We are thrilled to introduce Tunku Alizakri Alias, former CEO of EPF Malaysia as this month’s contributor to our sustainability pillar. This month he tells us not to Greenwash and how.
Remember, green is the new black!
—Kassandra Kassim, Editor in Chief
Recently, more and more companies have been caught indulging in Greenwashing and when discovered, will be seen as insincere, hypocritical and opportunistic. It will take many years (if at all) before the stain of Greenwashing on the brand will come out.
Unfortunately, products and advertisements claiming to be ‘Better for the Planet’ or ‘100% Sustainable’ are cropping up on an everyday basis. In a world of social media and with information at your fingertips, these claims can either be verified with a few taps of the screen. It was reported SC Johnson’s “100% Recycled Ocean Plastic Bottle” was sourced from landed plastic banks. J&J’s timing of (re)introducing darker coloured bandages just after the BLM movement was also viewed with narrowed eyes when a similar product was discontinued in 2005 due to ‘lack of interest’. The 2015 Volkswagen scandal, of installing ‘defeat devices’ in 11 million of its cars to pass tests and maintain the low emissions claims, is still haunting the brand to this day.
When incorporating sustainability into branding and marketing, great care must be taken. No matter how well intentioned or advanced a company is, any claims of saintliness are impossible, as every product made or services given in every sector has some form of negative impact on the planet. Green businesses are not zero impact; it just helps lessen the impact to the world.
You need two things to avoid falling into the Greenwashing trap:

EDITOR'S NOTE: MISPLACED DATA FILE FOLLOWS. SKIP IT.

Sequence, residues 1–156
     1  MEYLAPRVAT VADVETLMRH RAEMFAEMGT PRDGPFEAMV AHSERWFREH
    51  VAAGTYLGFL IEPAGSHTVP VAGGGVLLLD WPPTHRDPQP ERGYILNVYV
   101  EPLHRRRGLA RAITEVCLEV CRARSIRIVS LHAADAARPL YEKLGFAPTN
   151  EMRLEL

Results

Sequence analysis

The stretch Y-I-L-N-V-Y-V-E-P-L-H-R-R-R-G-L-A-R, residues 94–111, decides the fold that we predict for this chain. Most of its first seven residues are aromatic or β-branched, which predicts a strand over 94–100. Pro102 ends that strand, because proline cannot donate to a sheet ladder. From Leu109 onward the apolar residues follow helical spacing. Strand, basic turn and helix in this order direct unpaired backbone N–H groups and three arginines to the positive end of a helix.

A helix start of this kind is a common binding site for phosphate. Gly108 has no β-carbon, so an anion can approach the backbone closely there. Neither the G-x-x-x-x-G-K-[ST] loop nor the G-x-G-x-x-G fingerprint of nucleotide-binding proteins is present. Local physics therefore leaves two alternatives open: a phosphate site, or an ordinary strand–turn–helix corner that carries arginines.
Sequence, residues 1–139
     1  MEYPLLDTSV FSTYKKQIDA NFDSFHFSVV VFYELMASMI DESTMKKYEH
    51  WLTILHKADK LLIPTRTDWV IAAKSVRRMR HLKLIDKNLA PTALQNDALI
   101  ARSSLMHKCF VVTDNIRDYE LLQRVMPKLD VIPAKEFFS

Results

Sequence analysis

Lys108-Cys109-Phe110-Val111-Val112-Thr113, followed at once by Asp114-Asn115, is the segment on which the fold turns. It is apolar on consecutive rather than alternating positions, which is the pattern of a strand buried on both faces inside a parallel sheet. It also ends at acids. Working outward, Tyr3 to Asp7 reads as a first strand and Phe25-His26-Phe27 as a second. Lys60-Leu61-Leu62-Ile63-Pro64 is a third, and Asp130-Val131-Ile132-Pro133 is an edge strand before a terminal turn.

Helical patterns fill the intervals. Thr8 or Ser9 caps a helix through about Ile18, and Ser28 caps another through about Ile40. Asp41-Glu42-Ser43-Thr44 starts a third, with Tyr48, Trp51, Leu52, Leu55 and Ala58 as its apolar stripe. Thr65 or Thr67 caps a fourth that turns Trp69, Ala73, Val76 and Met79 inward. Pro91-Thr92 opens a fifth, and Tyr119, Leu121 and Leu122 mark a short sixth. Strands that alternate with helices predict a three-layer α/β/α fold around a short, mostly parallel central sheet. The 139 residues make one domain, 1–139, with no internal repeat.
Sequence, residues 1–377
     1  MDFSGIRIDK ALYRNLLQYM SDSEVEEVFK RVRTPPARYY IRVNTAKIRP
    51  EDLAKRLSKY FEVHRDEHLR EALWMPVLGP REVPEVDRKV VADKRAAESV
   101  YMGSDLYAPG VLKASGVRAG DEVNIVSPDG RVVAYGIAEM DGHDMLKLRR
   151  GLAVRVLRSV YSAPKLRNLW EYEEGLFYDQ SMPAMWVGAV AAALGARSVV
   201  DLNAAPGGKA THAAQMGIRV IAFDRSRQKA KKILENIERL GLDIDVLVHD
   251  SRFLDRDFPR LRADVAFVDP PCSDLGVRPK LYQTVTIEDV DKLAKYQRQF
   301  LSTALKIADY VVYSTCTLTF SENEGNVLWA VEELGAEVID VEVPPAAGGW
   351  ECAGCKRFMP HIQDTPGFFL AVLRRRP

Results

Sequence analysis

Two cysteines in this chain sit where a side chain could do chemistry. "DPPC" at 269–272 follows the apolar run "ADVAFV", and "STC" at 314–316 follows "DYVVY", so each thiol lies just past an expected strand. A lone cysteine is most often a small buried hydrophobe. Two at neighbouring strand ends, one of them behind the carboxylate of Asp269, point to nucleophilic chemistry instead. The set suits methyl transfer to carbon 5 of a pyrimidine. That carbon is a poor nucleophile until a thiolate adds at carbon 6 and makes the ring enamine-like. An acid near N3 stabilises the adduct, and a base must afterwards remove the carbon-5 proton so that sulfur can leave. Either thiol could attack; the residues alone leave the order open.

Authenticity, i.e. genuine belief in sustainability forming the core of the business:
Set up a dedicated sustainability team headed by as senior a person as possible. This crucial first step is often overlooked as this function is sometimes wrongly parked under marketing or communications. Sustainability requires a radical transformation of the entire organisation supported by a team with actual executive powers and authority to enable it.
1. Find personally resonating reasons on why sustainability is pursued without sacrificing the business objectives. Understanding the strong purpose of sustainability is critical, especially in the early stages of the journey.
2. Own your sins as everything an organisation does will have an environmental impact. As long as power or natural resources are consumed, there is an impact. Stakeholders will be satisfied when companies acknowledge this with real commitments to do something about it.
3. Tie the CEO and/or senior management KPIs to sustainability, monitored at Board level. The Board itself needs to ensure appropriate ESG oversight is spread across the different committees, especially audit, remunerations and nominations.
4. Focus on internal communications as your people must be living ambassadors of the organisation’s sustainability ambitions.